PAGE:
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Supplement lab tests only way to prove product efficacy

Using supplement testing labs to ensure effective products.jpg
An active ingredient in a formulation does not guarantee an effective supplement, so brands need to conduct tests throughout product processing.

The development of dietary supplements and nutraceutical products is usually based on published research data. As directed by the Federal Food, Drug and Cosmetic Act (FD&C, 21 U.S.C. 343[r][6]), manufacturers of dietary supplements should make only truthful and not misleading substantiation claims. The claim substantiation of supplement products should be based on human studies. These studies should be intervention studies that can provide causal evidence to substantiate the effect of the specific natural compound (ingredient). Observational studies have limited ability to provide causal evidence. Although animal and in vitro cell-based studies may confirm specific biological effects of ingredients, these studies are not enough for the proper claim substantiation.

It is obvious only effective ingredients can make an effective final product. However, the ingredient itself does not guarantee the activity/effectiveness of the final product. It is possible to find solid evidence in peer-reviewed studies about the effectiveness of certain ingredient(s), but in reality, final products on the market can be partially effective or ineffective.

Several factors influence the effectiveness of final products, such as formulation, reactivity of other compounds in the product and the delivery method. These affect bioavailability, which will eventually affect the product’s effectiveness.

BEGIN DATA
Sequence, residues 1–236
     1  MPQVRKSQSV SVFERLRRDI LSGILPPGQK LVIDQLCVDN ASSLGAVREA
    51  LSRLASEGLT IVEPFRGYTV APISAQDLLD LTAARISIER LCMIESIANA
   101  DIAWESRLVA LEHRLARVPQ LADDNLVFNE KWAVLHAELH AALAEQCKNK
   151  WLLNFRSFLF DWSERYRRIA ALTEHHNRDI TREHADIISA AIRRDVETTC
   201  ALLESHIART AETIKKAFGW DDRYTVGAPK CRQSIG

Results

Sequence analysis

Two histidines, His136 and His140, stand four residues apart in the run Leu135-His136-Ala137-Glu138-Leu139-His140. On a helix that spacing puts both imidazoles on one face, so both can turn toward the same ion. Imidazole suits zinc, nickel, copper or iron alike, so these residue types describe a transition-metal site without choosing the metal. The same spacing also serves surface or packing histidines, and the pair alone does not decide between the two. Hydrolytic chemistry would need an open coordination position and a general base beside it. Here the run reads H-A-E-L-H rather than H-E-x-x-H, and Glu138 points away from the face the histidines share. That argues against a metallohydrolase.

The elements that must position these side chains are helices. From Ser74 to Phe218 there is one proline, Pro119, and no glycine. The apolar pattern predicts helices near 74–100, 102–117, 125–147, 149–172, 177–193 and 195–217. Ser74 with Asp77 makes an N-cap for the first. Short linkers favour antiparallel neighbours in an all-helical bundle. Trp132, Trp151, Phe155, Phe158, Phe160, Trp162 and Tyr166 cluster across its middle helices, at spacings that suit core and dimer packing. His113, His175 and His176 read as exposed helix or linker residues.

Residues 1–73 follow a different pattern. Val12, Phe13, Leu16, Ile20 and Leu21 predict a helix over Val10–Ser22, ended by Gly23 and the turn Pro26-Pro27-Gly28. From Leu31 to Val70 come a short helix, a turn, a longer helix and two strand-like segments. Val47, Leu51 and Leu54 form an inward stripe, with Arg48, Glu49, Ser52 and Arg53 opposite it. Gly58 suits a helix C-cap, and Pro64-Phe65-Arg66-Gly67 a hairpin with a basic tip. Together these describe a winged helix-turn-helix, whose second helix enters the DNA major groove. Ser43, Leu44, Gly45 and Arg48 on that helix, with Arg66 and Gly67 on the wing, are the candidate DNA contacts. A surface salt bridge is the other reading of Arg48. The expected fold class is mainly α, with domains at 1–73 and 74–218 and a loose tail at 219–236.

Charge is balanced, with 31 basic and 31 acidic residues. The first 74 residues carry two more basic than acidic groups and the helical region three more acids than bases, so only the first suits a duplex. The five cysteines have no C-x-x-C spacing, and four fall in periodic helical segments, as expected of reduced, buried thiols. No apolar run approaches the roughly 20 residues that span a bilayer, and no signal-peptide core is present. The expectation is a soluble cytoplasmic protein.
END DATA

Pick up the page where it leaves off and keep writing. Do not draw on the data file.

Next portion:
Examples are the best way to explain the complexity of natural compounds’/ingredients’ effectiveness and ineffective final products. The large and growing popularity of cannabis and especially CBD is one such example.

Proper validation of biological activity is necessary not only for the original ingredients, but also for the final products. Only laboratory tests may identify active ingredients and confirm effectiveness of the final products. These activity validations of effectiveness should be applied not only for CBD products, but for all dietary supplements.

Read the complete version of this article in INSIDER’s Contract Labs digital magazine to learn more about the testing required to ensure products meet product claims.

Daniel Sliva, Ph.D., CEO & founder, DSTest Labs, is a senior investigator at Indiana University Health, and an adjunct associate professor at the Indiana University School of Medicine. He has master’s degrees in food and biochemical technology, as well as biochemistry, and a doctoral degree in molecular biology and genetics. Sliva also completed postdoctoral studies at the department of medical nutrition, Karolinska Institute, Sweden, and at the Indiana University School of Medicine, Indianapolis. He founded DSTest Laboratories at Purdue Research Park in 2014 for evaluating and standardizing efficacy of ingredients, nutraceuticals and dietary supplements. In addition to authoring more than 82 peer-reviewed papers and three book chapters, he is an international speaker.

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